Molarity is a measure of the concentration of a solute in a solution. It is defined as the number of moles of solute per liter of solution.

The molarity can be calculated using the following formula:

$$\text{Molarity} = \frac{\text{moles of solute}}{\text{liters of solution}}$$

**For example**, suppose we dissolve 2 moles of sodium chloride (NaCl) in 1 liter of water (H2O). The molarity of the solution can be calculated as follows:

moles of NaCl = 2 mol liters of solution = 1 L

molarity of NaCl = moles of NaCl / liters of solution molarity of NaCl = 2 mol / 1 L = 2 M

Therefore, the molarity of the sodium chloride solution is 2 M.

The molarity is a commonly used unit of concentration in chemistry, especially in analytical chemistry, where it is used to determine the amount of a solute in a solution or to prepare solutions of known concentrations. It is important to note that the molarity of a solution is temperature dependent since the volume of the solution can change with temperature due to thermal expansion.

### What is Molality?

Molality is a measure of the concentration of a solute in a solution. It is defined as the number of moles of solute per kilogram of solvent.

The molality can be calculated using the following formula:

$$\text{molality} = \frac{\text{moles of solute}}{\text{kilograms of solvent}}$$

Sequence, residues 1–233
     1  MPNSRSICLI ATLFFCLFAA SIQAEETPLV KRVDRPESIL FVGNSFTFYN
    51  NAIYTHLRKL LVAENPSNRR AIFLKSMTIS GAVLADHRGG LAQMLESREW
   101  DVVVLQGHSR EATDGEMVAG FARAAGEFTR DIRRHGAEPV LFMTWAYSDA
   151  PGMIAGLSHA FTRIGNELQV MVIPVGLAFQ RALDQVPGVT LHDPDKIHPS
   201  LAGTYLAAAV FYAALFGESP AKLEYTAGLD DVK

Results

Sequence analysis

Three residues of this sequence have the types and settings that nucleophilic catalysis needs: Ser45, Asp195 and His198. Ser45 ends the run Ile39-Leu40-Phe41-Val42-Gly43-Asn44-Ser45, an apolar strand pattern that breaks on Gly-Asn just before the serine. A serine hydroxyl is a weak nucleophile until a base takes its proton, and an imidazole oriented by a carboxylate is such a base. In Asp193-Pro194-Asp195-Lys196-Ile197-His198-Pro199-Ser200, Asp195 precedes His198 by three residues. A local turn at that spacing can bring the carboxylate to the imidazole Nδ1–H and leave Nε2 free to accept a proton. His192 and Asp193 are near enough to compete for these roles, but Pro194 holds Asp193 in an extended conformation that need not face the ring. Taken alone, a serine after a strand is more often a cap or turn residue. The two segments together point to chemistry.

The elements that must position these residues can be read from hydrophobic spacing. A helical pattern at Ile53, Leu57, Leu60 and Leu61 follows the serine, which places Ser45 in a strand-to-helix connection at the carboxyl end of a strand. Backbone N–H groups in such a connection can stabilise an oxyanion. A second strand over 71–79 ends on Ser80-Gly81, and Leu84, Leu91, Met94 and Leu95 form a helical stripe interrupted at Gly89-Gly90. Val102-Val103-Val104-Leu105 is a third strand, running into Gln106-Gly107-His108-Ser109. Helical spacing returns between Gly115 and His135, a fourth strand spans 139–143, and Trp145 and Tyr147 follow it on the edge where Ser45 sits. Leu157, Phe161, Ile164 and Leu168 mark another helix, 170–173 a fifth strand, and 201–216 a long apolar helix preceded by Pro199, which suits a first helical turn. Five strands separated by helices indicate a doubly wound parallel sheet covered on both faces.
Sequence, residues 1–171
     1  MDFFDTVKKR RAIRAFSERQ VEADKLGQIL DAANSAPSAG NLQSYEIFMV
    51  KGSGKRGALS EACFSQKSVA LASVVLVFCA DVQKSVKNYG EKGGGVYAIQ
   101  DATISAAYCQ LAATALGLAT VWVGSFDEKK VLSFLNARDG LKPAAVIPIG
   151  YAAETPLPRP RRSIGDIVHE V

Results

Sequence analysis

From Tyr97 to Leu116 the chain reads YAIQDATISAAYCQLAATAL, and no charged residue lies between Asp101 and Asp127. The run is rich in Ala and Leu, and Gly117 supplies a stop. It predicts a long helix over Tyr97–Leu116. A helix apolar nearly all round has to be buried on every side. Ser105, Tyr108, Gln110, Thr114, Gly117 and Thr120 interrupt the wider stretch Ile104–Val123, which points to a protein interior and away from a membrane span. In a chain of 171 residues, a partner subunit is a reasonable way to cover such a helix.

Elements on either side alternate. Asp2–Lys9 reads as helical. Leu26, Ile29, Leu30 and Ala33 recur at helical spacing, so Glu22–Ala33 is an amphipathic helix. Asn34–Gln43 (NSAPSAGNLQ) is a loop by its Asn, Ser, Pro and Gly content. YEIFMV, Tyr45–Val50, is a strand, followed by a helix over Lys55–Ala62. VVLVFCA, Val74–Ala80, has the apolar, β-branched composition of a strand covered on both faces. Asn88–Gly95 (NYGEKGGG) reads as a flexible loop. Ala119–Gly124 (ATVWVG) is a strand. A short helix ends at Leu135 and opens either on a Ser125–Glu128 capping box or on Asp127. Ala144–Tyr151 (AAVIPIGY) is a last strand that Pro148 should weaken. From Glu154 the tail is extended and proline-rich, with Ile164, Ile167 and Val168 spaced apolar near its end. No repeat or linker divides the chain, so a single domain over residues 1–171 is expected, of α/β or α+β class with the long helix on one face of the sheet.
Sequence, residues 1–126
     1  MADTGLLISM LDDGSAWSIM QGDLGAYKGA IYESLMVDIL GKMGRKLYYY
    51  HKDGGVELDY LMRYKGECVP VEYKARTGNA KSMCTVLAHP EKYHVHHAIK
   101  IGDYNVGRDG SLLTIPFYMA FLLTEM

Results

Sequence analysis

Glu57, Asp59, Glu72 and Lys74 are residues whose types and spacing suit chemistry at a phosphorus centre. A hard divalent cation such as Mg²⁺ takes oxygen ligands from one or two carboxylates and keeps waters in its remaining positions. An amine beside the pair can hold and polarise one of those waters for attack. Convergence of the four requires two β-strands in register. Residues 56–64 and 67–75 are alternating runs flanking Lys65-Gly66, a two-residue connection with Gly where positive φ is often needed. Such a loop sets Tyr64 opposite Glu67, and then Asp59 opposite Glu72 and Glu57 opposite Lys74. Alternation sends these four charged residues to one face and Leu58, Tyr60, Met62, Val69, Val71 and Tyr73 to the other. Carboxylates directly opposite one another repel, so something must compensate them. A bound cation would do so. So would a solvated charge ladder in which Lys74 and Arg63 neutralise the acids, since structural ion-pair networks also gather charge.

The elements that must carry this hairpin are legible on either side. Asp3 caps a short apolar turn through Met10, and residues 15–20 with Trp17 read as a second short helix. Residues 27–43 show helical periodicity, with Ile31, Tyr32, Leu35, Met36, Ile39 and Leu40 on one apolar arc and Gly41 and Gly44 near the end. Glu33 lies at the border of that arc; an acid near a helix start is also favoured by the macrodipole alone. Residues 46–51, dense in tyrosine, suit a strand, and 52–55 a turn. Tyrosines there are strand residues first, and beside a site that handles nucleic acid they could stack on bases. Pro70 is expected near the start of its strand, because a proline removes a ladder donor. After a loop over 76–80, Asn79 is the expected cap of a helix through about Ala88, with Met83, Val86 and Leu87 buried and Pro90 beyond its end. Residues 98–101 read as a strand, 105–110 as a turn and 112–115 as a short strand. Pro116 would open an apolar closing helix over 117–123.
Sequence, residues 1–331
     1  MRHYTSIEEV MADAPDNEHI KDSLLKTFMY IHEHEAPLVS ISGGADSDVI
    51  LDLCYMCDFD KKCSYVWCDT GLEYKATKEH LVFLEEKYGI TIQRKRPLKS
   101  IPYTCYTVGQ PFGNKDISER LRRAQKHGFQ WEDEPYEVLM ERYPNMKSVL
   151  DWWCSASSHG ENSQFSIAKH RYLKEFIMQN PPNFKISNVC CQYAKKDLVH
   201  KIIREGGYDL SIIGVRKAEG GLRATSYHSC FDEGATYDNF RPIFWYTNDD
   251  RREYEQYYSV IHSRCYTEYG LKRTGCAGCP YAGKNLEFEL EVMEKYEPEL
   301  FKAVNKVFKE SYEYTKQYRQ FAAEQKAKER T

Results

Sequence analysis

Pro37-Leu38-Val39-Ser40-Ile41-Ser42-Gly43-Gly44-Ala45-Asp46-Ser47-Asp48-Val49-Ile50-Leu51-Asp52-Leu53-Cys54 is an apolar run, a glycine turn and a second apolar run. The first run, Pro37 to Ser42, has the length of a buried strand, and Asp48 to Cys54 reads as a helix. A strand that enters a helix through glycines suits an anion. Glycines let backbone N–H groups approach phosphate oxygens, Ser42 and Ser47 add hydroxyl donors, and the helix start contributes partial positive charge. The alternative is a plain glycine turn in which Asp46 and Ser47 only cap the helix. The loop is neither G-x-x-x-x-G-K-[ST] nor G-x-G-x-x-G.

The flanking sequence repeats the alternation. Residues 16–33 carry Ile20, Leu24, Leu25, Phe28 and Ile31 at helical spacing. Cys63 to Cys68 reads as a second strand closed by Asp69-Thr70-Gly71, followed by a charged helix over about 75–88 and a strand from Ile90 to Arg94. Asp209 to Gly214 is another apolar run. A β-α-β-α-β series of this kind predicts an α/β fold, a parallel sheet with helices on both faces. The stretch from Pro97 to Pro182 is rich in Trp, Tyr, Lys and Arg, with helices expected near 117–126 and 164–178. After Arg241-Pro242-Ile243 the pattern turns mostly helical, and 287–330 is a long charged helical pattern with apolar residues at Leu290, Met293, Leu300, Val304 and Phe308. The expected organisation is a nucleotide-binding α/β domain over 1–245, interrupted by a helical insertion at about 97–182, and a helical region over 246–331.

For example, suppose we dissolve 2 moles of sodium chloride (NaCl) in 1 kilogram of water (H2O). The molality of the solution can be calculated as follows:

moles of NaCl = 2 mol kilograms of water = 1 kg

molality of NaCl = moles of NaCl / kilograms of solvent molality of NaCl = 2 mol / 1 kg = 2 mol/kg

Therefore, the molality of the sodium chloride solution is 2 mol/kg.

Molality is a useful unit of concentration, especially in physical chemistry and thermodynamics, where it is used to calculate the colligative properties of solutions, such as boiling point elevation, freezing point depression, and osmotic pressure. Unlike molarity, molality does not depend on the temperature or pressure of the solution, since it is defined in terms of the mass of the solvent, which is not affected by changes in temperature or pressure.

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## Stoichiometric calculations solved examples